Eljono Another large part of Rolex's appeal which I don't see mentioned above is the quality of their designs. The Sub, Datejust, OP, Daytona are beautiful classic designs and that in itself can play a large part in someone's decision making process.

    Fair play to Rolex for recognising when they have nailed a design, they then stick to it and evolve it instead of constantly reinventing it. Similar continuous design approaches haven't done the Porsche 911, VW Golf and Omega Speedmaster any harm.

    I think of them very like Porsche in lots of ways, including in the way you noted E. Though they're more risk averse in design than Porsche and that's saying something. Rolex are extremely staid, pickled even. Longines started raiding their back catalogue as early as the 90's and brought out reissues of vintage models, Rolex effectively never really stopped selling theirs. Though like Porsche when they strayed too far from the 911 look, when Rolex did go a little off piste the stuff didn't sell. They learned that with the Daytona. There's a reason why so few of the 60's and 70's ones are around and so valuable these days, they basically couldn't give them away and were heavily discounted when new. Their Oysterquartz, even though it's one of the most well made and designed Rolex of the last century didn't exactly fly off the shelves, even when quartz was the thing.

    But this tactic has worked extremely well for them. By never going too far off their well beaten very recognisable track Porsche and Rolex are suburban and aspirational and middle aged and class and most of all safe when you go to spend your hard earned(the mega rich rapper flexer thing is recent and they even cater to them with the vajazzled models). And that is important. In car terms parking a Porsche Cayenne in 12 Acacia Avenue is oh yes very nice, lovely people, our sort you know. Parking a Ferrari GTC4Lusso in the same drive and eyebrows may be raised. 😁 Newbies on the block Tesla have copped to this too. Keep the design easy, even bland, though still nice, but not too many loud noises design wise. BMW is kinda like a Seamaster. Wider spread of appeal and pocket. The buy a Porsche and Rolex to show you've arrived has been in play since the 80's too. Even crims and wideboys know this is the track to follow. That they were able to do that with gold and two tone models is impressive enough, but that they were able to do it more latterly with steel models is nothing short of genius. Though I've always considered Rolex and especially their founder Wilsdorf as one of the finest marketing minds in modern history. I mean that in an all encompassing way too. He spotted trends before they were trends and moved towards them before most if not all of his competitors did. Like Apple in many ways, they invented feck all*, but spotted emerging trends and brought them to a wider market and then changed that market. He rarely put a foot wrong either. In the early days of the wristwatch all sorts of whacky designs and tech came out, but Rolex separated the wheat from the chaff.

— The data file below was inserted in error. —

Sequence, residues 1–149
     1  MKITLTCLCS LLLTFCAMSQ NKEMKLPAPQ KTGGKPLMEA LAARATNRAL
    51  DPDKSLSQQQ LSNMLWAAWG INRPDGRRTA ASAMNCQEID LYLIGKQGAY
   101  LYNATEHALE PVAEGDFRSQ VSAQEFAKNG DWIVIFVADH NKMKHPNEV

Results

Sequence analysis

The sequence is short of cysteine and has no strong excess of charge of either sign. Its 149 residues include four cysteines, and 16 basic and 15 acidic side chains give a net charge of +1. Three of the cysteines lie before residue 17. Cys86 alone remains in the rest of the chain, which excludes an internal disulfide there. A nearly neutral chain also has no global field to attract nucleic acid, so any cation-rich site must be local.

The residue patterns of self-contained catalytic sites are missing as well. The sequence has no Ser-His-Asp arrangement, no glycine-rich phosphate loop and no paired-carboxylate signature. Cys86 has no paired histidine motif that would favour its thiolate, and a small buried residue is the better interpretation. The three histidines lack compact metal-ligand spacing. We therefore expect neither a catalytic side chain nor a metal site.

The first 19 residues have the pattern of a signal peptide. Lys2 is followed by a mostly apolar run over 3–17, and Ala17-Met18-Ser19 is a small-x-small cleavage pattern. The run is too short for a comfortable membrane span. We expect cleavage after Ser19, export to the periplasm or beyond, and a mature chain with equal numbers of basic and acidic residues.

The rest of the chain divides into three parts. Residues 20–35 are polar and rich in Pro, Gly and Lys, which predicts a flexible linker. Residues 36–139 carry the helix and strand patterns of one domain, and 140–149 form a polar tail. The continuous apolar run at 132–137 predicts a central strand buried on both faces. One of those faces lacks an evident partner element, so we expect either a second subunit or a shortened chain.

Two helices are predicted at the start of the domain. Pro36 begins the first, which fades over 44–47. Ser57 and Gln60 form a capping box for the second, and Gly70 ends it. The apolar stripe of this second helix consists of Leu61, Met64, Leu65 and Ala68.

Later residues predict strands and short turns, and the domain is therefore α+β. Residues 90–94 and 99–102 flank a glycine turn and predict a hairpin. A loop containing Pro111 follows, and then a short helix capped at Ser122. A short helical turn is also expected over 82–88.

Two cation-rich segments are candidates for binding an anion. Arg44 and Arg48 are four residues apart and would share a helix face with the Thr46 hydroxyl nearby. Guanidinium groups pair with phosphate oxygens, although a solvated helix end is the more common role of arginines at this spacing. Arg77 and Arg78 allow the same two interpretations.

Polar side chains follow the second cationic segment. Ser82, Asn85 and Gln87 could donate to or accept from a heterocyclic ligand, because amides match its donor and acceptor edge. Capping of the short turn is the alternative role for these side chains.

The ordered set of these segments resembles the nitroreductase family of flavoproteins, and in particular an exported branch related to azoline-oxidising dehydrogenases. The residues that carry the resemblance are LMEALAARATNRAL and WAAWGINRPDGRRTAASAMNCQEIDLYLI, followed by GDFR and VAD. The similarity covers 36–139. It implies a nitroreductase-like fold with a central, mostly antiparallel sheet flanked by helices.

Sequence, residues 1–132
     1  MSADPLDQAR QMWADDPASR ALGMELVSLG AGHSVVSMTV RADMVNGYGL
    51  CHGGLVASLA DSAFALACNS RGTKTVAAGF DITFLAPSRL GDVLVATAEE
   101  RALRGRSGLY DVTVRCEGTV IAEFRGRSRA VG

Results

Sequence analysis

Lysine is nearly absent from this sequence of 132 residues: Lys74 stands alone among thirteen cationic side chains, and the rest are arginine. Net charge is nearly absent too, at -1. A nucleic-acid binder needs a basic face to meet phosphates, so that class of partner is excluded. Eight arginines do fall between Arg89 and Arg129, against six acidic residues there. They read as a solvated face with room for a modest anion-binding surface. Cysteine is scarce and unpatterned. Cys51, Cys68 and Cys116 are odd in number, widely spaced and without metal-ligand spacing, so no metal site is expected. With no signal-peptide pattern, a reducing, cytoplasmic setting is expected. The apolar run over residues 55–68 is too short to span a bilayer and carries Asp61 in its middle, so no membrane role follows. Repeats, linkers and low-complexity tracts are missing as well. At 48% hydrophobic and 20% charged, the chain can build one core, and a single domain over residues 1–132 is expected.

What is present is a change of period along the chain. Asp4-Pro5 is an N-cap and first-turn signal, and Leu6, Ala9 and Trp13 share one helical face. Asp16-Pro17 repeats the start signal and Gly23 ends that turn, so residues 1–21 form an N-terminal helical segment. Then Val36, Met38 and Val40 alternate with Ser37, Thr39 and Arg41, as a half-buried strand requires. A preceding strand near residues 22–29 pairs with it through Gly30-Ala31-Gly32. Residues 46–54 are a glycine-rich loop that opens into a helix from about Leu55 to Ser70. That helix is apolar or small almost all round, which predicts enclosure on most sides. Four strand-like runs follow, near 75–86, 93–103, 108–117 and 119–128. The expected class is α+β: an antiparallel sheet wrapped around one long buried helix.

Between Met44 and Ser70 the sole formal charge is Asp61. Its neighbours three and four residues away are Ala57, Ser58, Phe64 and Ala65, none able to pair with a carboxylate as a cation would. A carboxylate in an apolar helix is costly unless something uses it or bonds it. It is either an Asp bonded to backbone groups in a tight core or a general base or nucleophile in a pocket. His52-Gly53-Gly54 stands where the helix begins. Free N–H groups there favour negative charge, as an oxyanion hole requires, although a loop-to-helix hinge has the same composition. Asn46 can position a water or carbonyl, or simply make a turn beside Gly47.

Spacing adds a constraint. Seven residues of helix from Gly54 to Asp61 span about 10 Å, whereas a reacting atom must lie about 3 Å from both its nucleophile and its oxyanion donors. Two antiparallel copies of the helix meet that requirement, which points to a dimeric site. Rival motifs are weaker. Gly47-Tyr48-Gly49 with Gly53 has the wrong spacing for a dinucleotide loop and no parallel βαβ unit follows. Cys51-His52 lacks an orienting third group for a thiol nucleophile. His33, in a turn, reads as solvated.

In many ways the Reverso was always a "dress watch". Very nice one too. The swivel bit was to protect said dress watch. So you could come in from playing polo or murdering the natives but could still wear the same watch at dinner with the memsaab. When it first came out there were very very few "tool watches" anyway and all would have been in the non fashionable round cases. Patek even licenced the tech to produce a dozen or so of their own Reversos in Gold and other unobtanium.





    *though to be fair to Apple they have a shedload of patents and innovations so it doesn't quite fit.

    Few enough were innocent in the past, few enough are innocent in the present, we just don’t know why yet.





  • Mmm Oysterquartz, I'd like one of those some day, love the integrated bracelet design, quite Royal Oak...

    Absolutely, Wilsdorf was a marketing genius and as you say Wibbs, part of that brilliance was in spotting and even setting trends.

    Thanks for the info on the Patek Reversos, that was news to me. I just googled to see what they're like, and actually prefer the JLC versions. Another example of a design that was absolutely nailed 🙂